Working toward a common goal: Marrying public/private partnerships with technology to reduce crime
How law enforcement integration of surveillance video from private businesses into command centers helps to reduce crime
A good friend of mine recently returned from an out-of-state visit to a large police agency in the south-eastern United States. The agency had experienced a significant increase in violent crimes like armed robbery, drive-by shootings and random public assaults. Even though the agency had an active Real Time Crime Center (RTCC), strong community partnerships and a mobile command center, it struggled to prevent and reduce crime.
The suspects would commit a crime then flee into a labyrinth of hotels, motels and commercial properties. The RTCC and mobile command did a fantastic job gathering real-time information from police-owned security cameras. However, once the suspect fled onto any private property, they would quickly vanish out of sight of the cameras.
The hotels, motels and commercial property owners quickly became irritated with the police department's inability to catch these violent criminals. They wanted the vandalism, robbery, assaults, thefts and transient issues to stop, and they were willing to do anything to make that happen.
This police agency, like many others across the nation, realized it could not prevent and reduce crime without a strong public/private relationship. Private businesses share the same mission as law enforcement: to improve community safety. And having an armed robbery suspect flee to their property is not only counterintuitive to their mission but also increases civil liability.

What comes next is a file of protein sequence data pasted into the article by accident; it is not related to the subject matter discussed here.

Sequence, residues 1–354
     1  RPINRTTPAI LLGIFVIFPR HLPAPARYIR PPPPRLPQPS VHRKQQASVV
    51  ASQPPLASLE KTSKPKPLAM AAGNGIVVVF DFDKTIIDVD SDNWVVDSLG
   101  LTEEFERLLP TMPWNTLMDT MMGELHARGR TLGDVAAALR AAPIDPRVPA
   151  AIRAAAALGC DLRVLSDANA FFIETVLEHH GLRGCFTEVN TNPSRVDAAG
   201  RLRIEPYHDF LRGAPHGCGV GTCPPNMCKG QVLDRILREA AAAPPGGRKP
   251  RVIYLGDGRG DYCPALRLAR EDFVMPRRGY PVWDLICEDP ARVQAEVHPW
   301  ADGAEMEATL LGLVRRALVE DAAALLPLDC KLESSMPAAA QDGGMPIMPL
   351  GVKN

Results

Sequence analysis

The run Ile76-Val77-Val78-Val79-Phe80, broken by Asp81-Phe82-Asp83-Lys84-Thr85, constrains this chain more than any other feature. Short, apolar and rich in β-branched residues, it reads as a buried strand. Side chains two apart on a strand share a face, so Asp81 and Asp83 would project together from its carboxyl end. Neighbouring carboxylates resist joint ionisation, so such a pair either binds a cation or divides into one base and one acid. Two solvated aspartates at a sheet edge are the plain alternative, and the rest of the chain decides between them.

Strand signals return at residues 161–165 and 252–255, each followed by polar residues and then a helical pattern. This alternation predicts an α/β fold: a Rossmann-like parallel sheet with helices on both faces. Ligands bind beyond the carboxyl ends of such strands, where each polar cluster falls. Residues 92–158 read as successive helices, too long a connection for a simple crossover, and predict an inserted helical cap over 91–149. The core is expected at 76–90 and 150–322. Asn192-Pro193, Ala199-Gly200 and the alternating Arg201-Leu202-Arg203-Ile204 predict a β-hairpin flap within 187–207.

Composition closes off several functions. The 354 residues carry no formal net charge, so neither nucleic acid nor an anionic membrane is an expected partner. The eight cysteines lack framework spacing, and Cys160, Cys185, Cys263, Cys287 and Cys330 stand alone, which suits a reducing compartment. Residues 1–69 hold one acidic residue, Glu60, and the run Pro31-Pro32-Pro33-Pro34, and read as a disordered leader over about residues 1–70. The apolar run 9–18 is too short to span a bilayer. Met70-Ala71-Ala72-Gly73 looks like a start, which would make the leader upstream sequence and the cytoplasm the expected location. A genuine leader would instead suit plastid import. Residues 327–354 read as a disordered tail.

Most of the property owners in the area were willing to help the officers by giving them surveillance footage whenever they wanted. But the footage would often take hours or even days to send to the police. The businesses were also willing to assist in prosecution but rarely showed up to court.
The agency decided to use a three-tier technique to demolish crime and improve public/private partnerships. England, Netherlands and Australia use this same technique and have had a lot of success in reducing crime and sustaining convictions. It is a simple process to start and simple to maintain. More importantly, this technique benefits both private businesses and citizens.